Pakistan Resolution–23 March 1940
It all started in 1939 when Lord Linlithgow, the British Viceroy, declared that India had officially entered into World War II. This war proclamation was done without taking Congress or the Muslim League into confidence. Later, when he talked to political parties on the issue, he failed to garner Congress and Muslim League’s support for the war effort. Britain, to win support of these two major political parties offered to modify the federal scheme embodied in the Government of India Act, 1935 that paved the way for Indian independence.
Sequel to the offer, the Congress demanded off the British Government to declare Indian independence, immediate transfer of maximum power and assurances that the future constitution would only be framed by the Constituent Assembly of India. The Congress also threatened of a civil disobedience movement if its demand were not met. It was at that time that Muslim League pitched in and made it clear to the Congress that any future constitution must have the approval and consent of the Muslims of India as well. Muslim League decided not to hinder the war effort. The Chief Ministers of Punjab and Bengal in a show of allegiance to Muslim League cooperated with the defense authorities engaged in persecuting the war. The ensuing talks with the Viceroy failed. The Congress ministers in eight of the provinces resigned en block. Mr. Jinnah called for the observance of 22 December 1939 as the ‘Day of Deliverance and Thanksgiving’ to mark the end of the ‘tyranny, oppression and injustices’ meted out to Muslims by the Congress regime against the Muslim minorities therein in those provinces from where the chief ministers had resigned.
By that time the All India Muslim League had become skeptical of getting a fair and just deal for the Muslims of India from the Hindu majority Congress. It was for this reason that just three months after the declaration of ‘Day of Deliverance and Thanksgiving’, the Muslim League adopted the historic resolution in its annual session at Lahore. The landmark resolution was moved by A K Fazlul Haq, Chief Minister of Bengal and was seconded by Chaudhry Khaliquzzaman, the UP Muslim League leader. The resolution stated that no constitutional plan would be workable in this country or acceptable to Muslims unless it was designed on the basic principle that geographically contiguous units will be demarcated into regions which should be constituted, with such territorial readjustments as may be necessary, that the areas in which the Muslims are in majority, should be grouped together to constitute independent states. The resolution demanded that the North-Western and Eastern Zones of India be constituted into two independent Muslim states. The Lahore Resolution soon came to be acknowledged as the ‘Pakistan Resolution’ as virulent anti-Muslim League propaganda picked up hype in the Hindu press.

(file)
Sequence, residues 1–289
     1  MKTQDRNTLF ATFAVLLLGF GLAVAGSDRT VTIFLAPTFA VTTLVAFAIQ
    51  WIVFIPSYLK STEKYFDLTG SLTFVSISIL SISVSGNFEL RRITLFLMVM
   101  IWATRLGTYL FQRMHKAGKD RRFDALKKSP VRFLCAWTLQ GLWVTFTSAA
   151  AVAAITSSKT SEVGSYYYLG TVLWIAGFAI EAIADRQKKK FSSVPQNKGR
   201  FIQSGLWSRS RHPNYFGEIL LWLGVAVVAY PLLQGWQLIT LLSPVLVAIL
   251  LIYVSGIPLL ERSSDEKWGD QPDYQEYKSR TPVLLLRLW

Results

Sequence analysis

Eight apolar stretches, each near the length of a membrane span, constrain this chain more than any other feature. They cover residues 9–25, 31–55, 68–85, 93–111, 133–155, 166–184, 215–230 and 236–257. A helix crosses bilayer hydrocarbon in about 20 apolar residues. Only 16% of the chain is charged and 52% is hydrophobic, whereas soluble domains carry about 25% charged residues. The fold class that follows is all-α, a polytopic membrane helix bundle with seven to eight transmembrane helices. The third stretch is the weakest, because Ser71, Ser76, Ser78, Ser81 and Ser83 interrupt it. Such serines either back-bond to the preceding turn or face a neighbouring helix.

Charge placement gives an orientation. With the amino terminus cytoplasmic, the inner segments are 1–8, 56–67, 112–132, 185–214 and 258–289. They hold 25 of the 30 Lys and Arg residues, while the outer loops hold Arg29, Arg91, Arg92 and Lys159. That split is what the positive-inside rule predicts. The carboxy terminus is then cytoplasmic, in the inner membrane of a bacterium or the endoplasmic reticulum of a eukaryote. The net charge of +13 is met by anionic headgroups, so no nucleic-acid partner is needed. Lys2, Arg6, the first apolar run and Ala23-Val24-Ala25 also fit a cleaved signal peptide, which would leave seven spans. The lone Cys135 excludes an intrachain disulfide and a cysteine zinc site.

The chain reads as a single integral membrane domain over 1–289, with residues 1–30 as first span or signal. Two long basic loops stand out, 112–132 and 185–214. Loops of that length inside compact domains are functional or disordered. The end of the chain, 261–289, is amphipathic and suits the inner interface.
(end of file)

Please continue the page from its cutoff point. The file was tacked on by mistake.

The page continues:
The basic concept underlying the resolution was explained candidly by Mr. Jinnah himself. He said, “It has always been taken for granted mistakenly that the Musalmans are a minority. The Muslamans are not a minority. The Muslamans are a nation…..what the unitary government of India for 150 years has failed to achieve cannot be realized by the imposition of a central government…except by means of Armed Forces. The problem in India is not of an inter-communal character but manifestly, of an international one and it must be treated as such.
Hindus and Muslims belong to two civilizations which are based mainly on conflicting ideas and conceptions and yoking together two such nations under a single state must lead to growing discontent and final destruction of any fabric that may be so built up for the government of such a state. This was Jinnah’s exposition of the famous two nation theory. The Congress leaders rejected it out rightly. Incidentally, Nirad S Chaudhri, a Congress leader, in his autobiography had also written that, “The so called two nation theory was formulated long before Mr. Jinnah or the Muslim League: in truth, it was not a theory at all: it was a fact of history.” The British Viceroy Lord Linlithgow had also stated in 1934 that : India is inhibited by many races….often as distinct from one another in origin, tradition and manner of life as are the nations of Europe…”
Mohammad Ali Jinnah, the inspirational and charismatic leader of Muslims of India had fashioned a crowd as it were into a nation. He proceeded to consolidate the Muslim League, which became an effective political organ of the masses and was able to fight the ruling British on one hand and the Hindu Congress on the other. He was successful in transforming a mere political party into an epic movement, which he led to freedom and sovereign statehood in the space of just seven years with an indomitable will and an unshakable resolve. Only Mr. Jinnah, the incomparable, could do it. He realized the dreams of millions of Muslims, who otherwise would have suffered under the tyranny of India and rewrote the history of South Asia by carving out an independent and sovereign Muslim State out of the sub-continent in 1947.